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All eligible W&M student-athletes registered to vote, many for the first time

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    Voting by mail:  “This year, especially with the pandemic, voting by mail is going to be especially necessary,” said W&M volleyball player and SAAC member Julia Brown ’21. “It’s nice to see how proactive people have been not only with registering early and voting early but also encouraging others to do the same."  Courtesy photo
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According to a Tufts University study, 48.3% of college students across the nation cast their vote in the 2016 presidential election. That was an increase of three percentage points from four years earlier. Still, fewer than half were motivated enough to do their civic duty.

With another Election Day upon us, William & Mary’s Student-Athlete Advisory Committee is doing its part to improve those numbers. Behind a department-wide initiative, the SAAC helped register all eligible student-athletes to vote in what, for most, will be their first presidential election.

It all happened by a self-imposed target date of Oct. 1.

“It’s extremely important,” said Nyla Pollard ’21, a women’s basketball player and student assistant to SAAC advisor Darryl Blackstock. “So many of the things that happen at the federal and local level affect us directly. It’s important for us to be heard and to wake up and have a say in who’s making those decisions.

“I was really proud of SAAC for having the initiative and working to have everybody registered by that deadline. But I was equally proud of the coaches and the team members. It was a collective effort, and it couldn’t have happened without everyone participating.”

With its own drive already in place, W&M joined a Colonial Athletic Association campaign called CAA Votes.

The Tribe has two members on the conference’s SAAC Voter Registration Subcommittee: football quarterback Ted Hefter and women’s soccer midfielder Mariana Hershner. William & Mary became the first Colonial member to register 100% of its student-athletes.

“We’re developing people to be caring and also a part of the community going forward,” said Hershner ’21. “Getting involved has been something we’ve been passionate about. We’re letting people know they do have a voice in their government.”

This already has been unlike any presidential election in our history. That has made early registration and learning the process even more important.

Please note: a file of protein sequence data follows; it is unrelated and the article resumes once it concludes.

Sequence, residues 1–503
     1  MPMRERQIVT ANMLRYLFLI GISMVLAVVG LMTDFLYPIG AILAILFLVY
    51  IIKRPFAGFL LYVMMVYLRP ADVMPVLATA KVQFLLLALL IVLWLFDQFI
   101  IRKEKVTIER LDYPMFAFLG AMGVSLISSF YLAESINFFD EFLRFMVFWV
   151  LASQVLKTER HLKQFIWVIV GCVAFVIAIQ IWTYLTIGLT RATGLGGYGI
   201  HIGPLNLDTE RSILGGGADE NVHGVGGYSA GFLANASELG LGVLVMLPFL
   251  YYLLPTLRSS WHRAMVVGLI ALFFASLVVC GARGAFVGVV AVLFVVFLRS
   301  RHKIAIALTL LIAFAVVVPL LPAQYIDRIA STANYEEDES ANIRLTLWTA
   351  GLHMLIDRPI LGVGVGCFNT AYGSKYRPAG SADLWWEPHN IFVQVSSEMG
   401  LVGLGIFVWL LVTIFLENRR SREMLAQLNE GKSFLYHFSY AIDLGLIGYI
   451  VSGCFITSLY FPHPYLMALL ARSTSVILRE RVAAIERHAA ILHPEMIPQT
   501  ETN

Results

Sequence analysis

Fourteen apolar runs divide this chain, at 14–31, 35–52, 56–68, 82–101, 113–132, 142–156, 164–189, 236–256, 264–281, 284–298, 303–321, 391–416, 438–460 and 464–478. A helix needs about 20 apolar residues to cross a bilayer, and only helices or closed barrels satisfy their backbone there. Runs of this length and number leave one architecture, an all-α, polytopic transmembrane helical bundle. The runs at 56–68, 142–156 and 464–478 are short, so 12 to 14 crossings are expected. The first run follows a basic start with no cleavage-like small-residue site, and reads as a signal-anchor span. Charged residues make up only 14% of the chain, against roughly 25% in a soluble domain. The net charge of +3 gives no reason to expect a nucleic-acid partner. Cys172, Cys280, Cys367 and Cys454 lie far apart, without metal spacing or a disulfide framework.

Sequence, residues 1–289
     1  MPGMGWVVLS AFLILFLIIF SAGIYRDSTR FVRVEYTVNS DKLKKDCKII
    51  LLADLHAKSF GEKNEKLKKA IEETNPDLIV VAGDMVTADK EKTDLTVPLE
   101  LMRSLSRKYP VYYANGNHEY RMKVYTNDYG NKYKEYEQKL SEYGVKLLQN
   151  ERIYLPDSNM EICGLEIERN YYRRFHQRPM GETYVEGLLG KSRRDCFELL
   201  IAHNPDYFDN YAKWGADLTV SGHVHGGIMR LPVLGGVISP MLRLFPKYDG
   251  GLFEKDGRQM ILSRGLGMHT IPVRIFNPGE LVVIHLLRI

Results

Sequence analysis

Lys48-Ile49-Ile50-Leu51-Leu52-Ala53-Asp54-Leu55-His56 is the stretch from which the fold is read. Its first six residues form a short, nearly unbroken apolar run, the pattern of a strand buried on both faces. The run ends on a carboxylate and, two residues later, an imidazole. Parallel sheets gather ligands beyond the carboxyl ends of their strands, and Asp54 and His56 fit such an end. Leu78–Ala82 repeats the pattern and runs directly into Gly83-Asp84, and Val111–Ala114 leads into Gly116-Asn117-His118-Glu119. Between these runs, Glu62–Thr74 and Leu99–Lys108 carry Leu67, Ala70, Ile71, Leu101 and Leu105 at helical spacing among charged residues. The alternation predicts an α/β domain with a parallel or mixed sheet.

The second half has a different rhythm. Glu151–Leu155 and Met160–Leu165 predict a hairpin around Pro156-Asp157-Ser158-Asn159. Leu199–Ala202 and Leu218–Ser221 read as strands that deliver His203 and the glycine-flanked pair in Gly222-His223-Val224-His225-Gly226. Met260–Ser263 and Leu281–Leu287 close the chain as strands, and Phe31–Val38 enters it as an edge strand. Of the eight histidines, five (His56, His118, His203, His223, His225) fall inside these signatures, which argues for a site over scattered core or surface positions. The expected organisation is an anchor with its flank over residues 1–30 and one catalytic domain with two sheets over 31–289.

“This year, especially with the pandemic, voting by mail is going to be especially necessary,” said volleyball player and SAAC member Julia Brown ’21. “It’s nice to see how proactive people have been not only with registering early and voting early but also encouraging others to do the same.

“It is such a simple process, but it’s something that a lot of people haven’t done at this age. It’s really helpful for the student-athlete to have someone point them in the right direction if they don’t know what to do.”

Even before taking on the role of SAAC advisor, Blackstock was working to register everyone on W&M’s football team. All he needed to do was take that approach to a wider audience.

“I kind of steered it, but I’ve got to show a lot of love to the coaches for supporting what we were trying to get done,” he said. “And a shout-out to (assistant coach) Jason Kemp with basketball, because they were already 100-percent registered. They made it easy.

“It was more of a double-check with your status. That’s what I did for anyone who was already registered.”

With so much conflicting information about voting this year, especially by mail, Blackstock set a target date to allow a full month for any issues that might arise.

“I knew we have pretty much two-thirds absentee votes, and I wanted to make sure everybody had enough time if they had to do anything in addition to registering,” Blackstock said. “That’s what my thought process was so they didn’t wait until the last minute. I thought if we could get this done by October 1st, that would be great.”

The student-athletes are not being encouraged to support a specific candidate or party. The only goal is getting them involved in the process.

“Voting is a pillar to what you’re trying to get done regardless of who’s in office,” Blackstock said. “You want to exercise your right to vote, and you start that by registering.”

For Pollard, Hershner and Brown, this is not their first election. But having missed the 2016 presidential vote by a matter of months, there’s plenty of excitement this time.

“There’s a lot of conversation about how important it is to vote regardless of who you’re choosing to vote for,” said Brown, who is from suburban Chicago and mailed her ballot Monday. “Fulfilling that civic duty is something a lot of students are very passionate about.”

Of course, 100 percent registration is one thing. Casting a ballot, either in person or by mail, is a bigger challenge.

“Moving forward, it will be getting people to go to the polls and giving them proper information,” Hershner said. “I definitely think there’s external pressure on (us) to get out and participate in the community.

“It’s definitely been a very large focus on social media these days to make sure that everyone is involved. Our age group is definitely starting to get out and vote more. It’s your duty.”